Because I don’t want to embarrass anyone, I am obscuring the details in this case of mistaken identity. Still, it’s worth sharing because I don’t want this to happen to you.
Last week someone forwarded an email to me that was being distributed by a person who holds a position of authority in the beekeeping world. This person, who lives in the US, distributed a photo of a dead bee that someone found in a hive. The person in authority wanted to know if anyone else had seen honey bees with similar symptoms in their hives.
I glanced at the photo and instantly saw that the bee surely did have a genetic disorder. In fact, its genes were so disordered they formed a bumble bee instead of a honey bee. Call me old fashioned but I expect a beekeeper—especially one with a title—to be able to recognize a honey bee (or not) when he (or she) sees one.
What if a poultry producer found a dove in his hen house and began asking what was wrong with his weird-looking chicken? How much confidence does that instill? How much depth of knowledge does it demonstrate?
It’s written in the wing veins
Three days later I got another request. This time, a person from New England sent a photo of a bee on a flower and asked me to identify it. I wrote back saying it was a honey bee, Apis mellifera.
He was indignant. He shot back an angry response saying he knew a honey bee when he saw one, and this bee could not be a honey bee because it was black, not yellow.
I don’t have time for this, and I really didn’t care if he believed me or not, but his photo was excellent and clearly showed the wing veins. I told him to compare diagrams of wing veins and come to his own conclusion. Two days later, he conceded that it was indeed a honey bee.
Anyone who has kept honey bees for more than about two weeks should be able to identify a honey bee by one forewing alone. With the exception of a bee with deformed wing virus, the forewing makes a honey bee drop-dead easy to identify. The forewing of Apis is distinctive and unique, and if you live in a place like North America where only one Apis species exists, it is virtually impossible to confuse it with anything else.
Wing veins and cells
The wing veins and the cells they define are important tools for bee identification. Usually, you can narrow a bee down to the genus level by studying the wings. For now, it is hard or impossible to identify down to the species level with wings alone. For example, it is easy to recognize a bumble bee based on wing patterns, but you can’t tell which bumble bee you are seeing without more information.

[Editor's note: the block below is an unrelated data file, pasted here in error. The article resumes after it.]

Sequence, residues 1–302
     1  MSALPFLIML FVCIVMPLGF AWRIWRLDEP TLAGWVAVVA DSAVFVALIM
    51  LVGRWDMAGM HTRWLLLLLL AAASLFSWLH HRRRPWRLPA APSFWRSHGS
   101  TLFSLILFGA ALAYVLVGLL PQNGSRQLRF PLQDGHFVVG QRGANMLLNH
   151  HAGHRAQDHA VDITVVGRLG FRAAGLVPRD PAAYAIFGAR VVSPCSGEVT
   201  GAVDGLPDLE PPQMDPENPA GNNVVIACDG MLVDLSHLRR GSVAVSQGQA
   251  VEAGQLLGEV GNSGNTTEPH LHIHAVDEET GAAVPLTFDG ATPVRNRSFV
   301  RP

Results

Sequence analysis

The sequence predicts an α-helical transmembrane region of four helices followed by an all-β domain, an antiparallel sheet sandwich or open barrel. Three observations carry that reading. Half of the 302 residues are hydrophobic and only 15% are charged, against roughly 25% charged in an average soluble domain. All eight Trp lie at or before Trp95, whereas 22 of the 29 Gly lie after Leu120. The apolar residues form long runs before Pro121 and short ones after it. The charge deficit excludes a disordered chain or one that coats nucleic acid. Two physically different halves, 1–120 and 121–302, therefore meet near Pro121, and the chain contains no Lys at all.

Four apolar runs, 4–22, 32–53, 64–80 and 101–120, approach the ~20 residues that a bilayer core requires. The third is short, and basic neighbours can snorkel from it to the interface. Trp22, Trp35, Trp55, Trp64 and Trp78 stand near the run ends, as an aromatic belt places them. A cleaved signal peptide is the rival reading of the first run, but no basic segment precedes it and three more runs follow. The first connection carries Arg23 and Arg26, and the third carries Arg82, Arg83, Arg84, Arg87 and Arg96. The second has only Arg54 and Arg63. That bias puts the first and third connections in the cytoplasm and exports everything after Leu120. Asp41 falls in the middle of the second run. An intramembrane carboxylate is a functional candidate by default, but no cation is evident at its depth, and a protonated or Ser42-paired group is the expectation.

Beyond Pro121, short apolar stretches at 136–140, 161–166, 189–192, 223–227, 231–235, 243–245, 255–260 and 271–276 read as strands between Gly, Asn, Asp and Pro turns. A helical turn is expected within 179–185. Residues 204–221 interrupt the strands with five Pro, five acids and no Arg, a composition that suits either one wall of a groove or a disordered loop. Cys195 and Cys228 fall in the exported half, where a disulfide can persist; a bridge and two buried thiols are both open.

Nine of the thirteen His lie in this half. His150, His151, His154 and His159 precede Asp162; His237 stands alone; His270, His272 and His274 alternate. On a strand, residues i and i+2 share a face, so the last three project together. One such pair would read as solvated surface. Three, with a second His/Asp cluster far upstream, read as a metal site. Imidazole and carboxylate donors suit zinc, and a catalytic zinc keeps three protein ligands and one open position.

However, this may be about to change. Facial recognition software has evolved to the point where it can separate identical twins. Entomologists are beginning to use similar software to distinguish bee species based on subtle differences in the length, width, and curvature of the wing veins.
The marginal cell
To prevent embarrassing mistakes, the keepers of honey bees only need to recognize the wings of one species. Furthermore, they only need to recognize the forewing. Furthermore, they only need to recognize the marginal cell. One cell in one wing could prevent all the nonsense in paragraphs one through seven of this post.
So your mission, should you choose to accept it, is to learn to recognize the marginal cell of a honey bee forewing. As I said earlier, it is unique and very obvious. To me, it looks like a sausage: long, narrow, and rounded at both ends.
The three photos below show marginal cells. The first one is a honey bee, the second is a bumble bee, and the third is an Andrena. Notice that the honey bee cell is long, narrow, curved, and smooth. In contrast, the bumble bee marginal cell is irregular with “rough” edges. The Andrena marginal cell comes to a point that lies along the edge of the wing, a pattern that is different from the other two.
Wings are durable and reliable
Bee wings are amazingly durable, and often they are intact even when the specimen is dead, moldy, diseased, or partially eaten. The wings are usually the first thing I look at when someone asks, “What bee is this?” because the wings can quickly get you started, if nothing else.
If you are not already looking at wing veins, the first time you identify a honey bee using the forewing alone, I guarantee you will feel like a “real” beekeeper. Try it. The more you know, the funner it gets.
Honey Bee Suite